Belfast Telegraph

Clowning around to put smiles on young faces

by Natalie Irvine

A south Belfast ‘clown doctor’ has hit the small screen in a BBC documentary programme.

Elaine Duncan, who is originally from the Ravenhill/Lower Ormeau Road area, is featured in the television programme which trains newly-inducted clown doctors, in a bid to brighten up childrens’ stay in hospital.

Elaine, who is an actress, tells the Community Telegraph her role as ‘Dr Twinkle‘ differs greatly to any perfomances gone before. She said: “I have met some lovely children over the years, including some great children who are sadly not with us anymore. But we have to remember the happy times, the laughter, and the giggles — it’s a wonderful job, and I feel grateful that I can do it.”

Northern Ireland clown doctors are an organisation that bring smiles and fun to children and young people in hospitals and other healthcare settings. A troupe of 10 skilled and specially-trained performers visit hospitals and centres spreading merriment and laughter, and helping children in acute hospitals and other facilities cope with the often difficult experience of lengthy medical treatment.

Eamon Quinn from Arts Care, the charity that runs the project said: “People will see how laughter makes a hospital stay easier, and hear some moving stories from and about the children, myself, and the other clown doctors along the way. Viewers will follow a new batch of six clown doctors as they are trained, make their first visits to hospitals, and learn about the transformative power of the red nose!”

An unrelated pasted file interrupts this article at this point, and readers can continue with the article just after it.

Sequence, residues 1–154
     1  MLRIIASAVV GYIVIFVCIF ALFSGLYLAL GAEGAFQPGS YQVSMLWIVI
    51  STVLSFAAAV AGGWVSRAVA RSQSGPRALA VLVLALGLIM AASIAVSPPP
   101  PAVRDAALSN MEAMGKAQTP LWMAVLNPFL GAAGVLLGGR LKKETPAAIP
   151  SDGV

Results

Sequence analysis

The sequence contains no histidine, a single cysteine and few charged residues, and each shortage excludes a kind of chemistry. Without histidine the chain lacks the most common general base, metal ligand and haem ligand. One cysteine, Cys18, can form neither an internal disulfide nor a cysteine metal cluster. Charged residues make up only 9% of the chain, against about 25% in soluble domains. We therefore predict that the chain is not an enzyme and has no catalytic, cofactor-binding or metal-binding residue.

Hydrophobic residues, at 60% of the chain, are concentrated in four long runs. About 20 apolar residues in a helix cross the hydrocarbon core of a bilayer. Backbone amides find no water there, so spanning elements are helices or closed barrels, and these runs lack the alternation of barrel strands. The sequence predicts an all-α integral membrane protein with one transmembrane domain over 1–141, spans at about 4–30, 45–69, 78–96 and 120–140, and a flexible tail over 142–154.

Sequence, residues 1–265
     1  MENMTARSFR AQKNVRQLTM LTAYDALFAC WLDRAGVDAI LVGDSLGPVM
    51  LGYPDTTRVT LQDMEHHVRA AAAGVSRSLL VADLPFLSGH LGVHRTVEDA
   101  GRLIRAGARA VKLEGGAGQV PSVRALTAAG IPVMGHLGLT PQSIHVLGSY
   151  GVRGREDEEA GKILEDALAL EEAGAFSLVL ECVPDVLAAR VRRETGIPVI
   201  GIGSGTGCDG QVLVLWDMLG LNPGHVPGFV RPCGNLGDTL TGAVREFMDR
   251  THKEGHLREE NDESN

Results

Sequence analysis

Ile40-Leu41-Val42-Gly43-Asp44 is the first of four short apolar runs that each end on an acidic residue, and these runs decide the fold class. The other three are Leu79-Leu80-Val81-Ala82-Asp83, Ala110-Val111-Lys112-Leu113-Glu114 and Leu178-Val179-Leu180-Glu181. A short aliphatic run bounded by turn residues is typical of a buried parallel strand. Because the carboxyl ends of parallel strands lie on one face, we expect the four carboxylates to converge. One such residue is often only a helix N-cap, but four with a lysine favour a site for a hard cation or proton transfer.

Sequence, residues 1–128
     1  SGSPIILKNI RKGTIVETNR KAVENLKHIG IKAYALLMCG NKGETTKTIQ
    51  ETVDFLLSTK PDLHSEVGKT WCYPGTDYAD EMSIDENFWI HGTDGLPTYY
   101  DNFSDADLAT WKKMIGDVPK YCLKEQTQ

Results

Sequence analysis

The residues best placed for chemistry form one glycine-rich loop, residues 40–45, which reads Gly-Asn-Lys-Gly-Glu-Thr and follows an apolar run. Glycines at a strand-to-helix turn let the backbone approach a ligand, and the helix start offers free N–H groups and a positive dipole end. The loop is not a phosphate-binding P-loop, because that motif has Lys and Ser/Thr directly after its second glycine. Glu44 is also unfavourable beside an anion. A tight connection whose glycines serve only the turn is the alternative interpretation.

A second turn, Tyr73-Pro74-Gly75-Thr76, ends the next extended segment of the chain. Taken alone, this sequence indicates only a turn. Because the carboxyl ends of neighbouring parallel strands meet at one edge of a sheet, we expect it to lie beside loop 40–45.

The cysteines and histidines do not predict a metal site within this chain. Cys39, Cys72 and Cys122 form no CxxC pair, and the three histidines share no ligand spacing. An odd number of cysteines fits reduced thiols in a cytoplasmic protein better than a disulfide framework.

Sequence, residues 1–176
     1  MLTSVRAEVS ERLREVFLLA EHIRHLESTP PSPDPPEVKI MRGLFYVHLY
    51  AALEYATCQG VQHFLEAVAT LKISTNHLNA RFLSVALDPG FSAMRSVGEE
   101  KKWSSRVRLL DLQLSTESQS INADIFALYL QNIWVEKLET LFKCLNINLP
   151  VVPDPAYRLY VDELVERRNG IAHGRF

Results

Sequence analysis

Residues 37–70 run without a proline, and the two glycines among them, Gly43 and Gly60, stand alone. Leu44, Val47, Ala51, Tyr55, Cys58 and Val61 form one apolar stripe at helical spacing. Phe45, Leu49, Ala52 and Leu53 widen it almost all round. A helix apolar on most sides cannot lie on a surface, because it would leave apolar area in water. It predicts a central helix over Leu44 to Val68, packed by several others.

Elaine is already familiar with being on the small screen, as she has previously featured in Give My Head Peace, The Midnight Hour, and Byker Grove. However, during the filming of the documentary, she said the camera crew really took a step back, and let things happen as they would normally do.

“Our perfomance is not scripted, it’s improvised for play and silliness — it’s child-led,” she said. “We have to be aware of medical procedures hospital staff carry out on the children’s wards while we perform, and work around them. In turn, the cameramen filming the documentary then worked around us, and didn’t interfere with our work.

“We are very lucky — we always seem to recruit the right people. There is a great deal of work involved to become a clown doctor — training sessions, work shadowing for six months, and then pairing up with an experienced clown doctor on the wards. The value of our work is very precious to us.”

Coinciding with the programme, the NI Clown Doctors are making a public appeal for funds to help them make more hospital visits. The funds raised will result in more visits, helping to improve the lives of children and young people across Northern Ireland.

By logging on to, the public can learn more about their work and also contribute to increasing the number of children whose lives are touched by the clown doctor’s antics. Members of the public can also send funds by post, payable to “Arts Care”, posting them to the NI ClownDoctors, Arts Care, BSO Building, 2 Franklin Street Belfast BT2 8DQ.

Belfast Telegraph


From Belfast Telegraph